4 Review Parkinson's Disease. 2019

Reich, Stephen G / Savitt, Joseph M. ·Department of Neurology, University of Maryland School of Medicine, 110 South Paca Street, 3rd Floor, Baltimore, MD 21201, USA. Electronic address: sreich@som.umaryland.edu. · Department of Neurology, University of Maryland School of Medicine, 110 South Paca Street, 3rd Floor, Baltimore, MD 21201, USA. ·Med Clin North Am · Pubmed #30704685.

ABSTRACT: The diagnosis of Parkinson disease (PD) is based on the presence of bradykinesia and either resting tremor or rigidity and there should be no features from the history or examination to suggest an alternative cause of parkinsonism. In addition to the motor manifestations of PD, there is a long list of nonmotor symptoms, several of which occur before motor signs and are considered "prodromal" PD. These are classified as neuropsychiatric, autonomic, sleep, and sensory. There are many medical options for the treatment of PD but levodopa remains the mainstay. Deep brain stimulation and other advanced therapies are also available.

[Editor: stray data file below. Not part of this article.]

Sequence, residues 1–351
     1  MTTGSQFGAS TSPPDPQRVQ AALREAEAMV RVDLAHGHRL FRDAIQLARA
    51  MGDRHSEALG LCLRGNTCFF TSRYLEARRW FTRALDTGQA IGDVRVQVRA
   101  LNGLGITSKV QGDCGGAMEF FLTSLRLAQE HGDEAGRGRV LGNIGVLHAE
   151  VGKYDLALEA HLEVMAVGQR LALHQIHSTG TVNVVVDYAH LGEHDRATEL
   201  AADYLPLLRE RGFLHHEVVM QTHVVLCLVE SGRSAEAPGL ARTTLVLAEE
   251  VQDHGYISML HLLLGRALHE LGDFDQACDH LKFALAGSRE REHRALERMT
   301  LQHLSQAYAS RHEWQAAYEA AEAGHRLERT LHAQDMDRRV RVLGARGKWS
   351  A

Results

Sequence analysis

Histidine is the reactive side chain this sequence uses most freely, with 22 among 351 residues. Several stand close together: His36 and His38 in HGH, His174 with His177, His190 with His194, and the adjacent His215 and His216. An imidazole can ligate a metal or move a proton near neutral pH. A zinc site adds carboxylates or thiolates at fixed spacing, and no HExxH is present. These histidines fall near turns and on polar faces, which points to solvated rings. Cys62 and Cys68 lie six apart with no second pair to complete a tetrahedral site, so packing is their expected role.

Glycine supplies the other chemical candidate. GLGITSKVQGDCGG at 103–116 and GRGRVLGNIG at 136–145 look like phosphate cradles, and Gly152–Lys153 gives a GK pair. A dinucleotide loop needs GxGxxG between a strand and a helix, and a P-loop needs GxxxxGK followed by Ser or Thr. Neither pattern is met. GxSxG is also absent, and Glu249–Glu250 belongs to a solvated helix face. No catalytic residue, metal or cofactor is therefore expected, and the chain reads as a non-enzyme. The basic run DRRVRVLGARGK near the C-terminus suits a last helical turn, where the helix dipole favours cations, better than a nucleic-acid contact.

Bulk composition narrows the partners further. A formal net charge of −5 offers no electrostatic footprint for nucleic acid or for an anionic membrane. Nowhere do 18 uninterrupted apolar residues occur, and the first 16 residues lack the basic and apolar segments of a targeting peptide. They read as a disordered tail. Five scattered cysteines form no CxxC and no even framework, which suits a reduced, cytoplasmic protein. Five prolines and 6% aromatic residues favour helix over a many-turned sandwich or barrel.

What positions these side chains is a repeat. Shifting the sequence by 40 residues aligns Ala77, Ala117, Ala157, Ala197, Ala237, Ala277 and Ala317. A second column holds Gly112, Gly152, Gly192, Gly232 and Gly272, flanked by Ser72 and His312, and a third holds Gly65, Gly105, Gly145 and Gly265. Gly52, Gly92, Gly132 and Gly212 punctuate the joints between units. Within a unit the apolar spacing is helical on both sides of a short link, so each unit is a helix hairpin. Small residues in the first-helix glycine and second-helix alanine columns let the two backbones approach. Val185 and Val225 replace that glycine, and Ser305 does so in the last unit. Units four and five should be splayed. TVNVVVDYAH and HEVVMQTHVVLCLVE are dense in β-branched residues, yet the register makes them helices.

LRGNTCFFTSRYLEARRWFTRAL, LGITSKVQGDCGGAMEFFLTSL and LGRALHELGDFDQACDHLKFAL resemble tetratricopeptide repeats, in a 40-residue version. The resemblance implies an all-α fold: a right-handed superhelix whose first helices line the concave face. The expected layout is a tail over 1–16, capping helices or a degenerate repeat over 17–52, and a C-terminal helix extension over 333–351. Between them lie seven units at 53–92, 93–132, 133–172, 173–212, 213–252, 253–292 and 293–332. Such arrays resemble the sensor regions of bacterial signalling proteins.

5 Review Co-existence of Parkinson's disease and progressive supranuclear palsy: case report and a review of the literature. 2011

Abhinav, Kumar / Marsh, Laura / Crain, Barbara / Reich, Stephen G / Biglan, Kevin. ·Department of Neurosurgery, Frenchay Hospital, Bristol, UK. kumar.abhinav@doctors.org.uk ·Neurol Sci · Pubmed #20737180.

ABSTRACT: Idiopathic Parkinson's disease (PD) and progressive supranuclear palsy (PSP) are distinct clinicopathological entities characterized by α-synuclein and tau pathology, respectively. They have occasionally been reported to co-exist in the same patient. We describe a rare case of a 73-year-old Caucasian woman diagnosed as idiopathic PD 5 years before her death yet at autopsy had not only PD, but also PSP. Although this patient fulfilled clinical criteria for idiopathic PD and did not have supranuclear ophthalmoplegia, she had several atypical features, including early postural instability with falls, early dysphagia, and a relatively rapid course. In conclusion, this case and a literature review highlight the co-existence of synuclein and tau pathology in the same patient and demonstrate that multiple diagnoses may exist in patients presenting with parkinsonism. The clinical heterogeneity seen in parkinsonism may reflect the occurrence of combined pathology.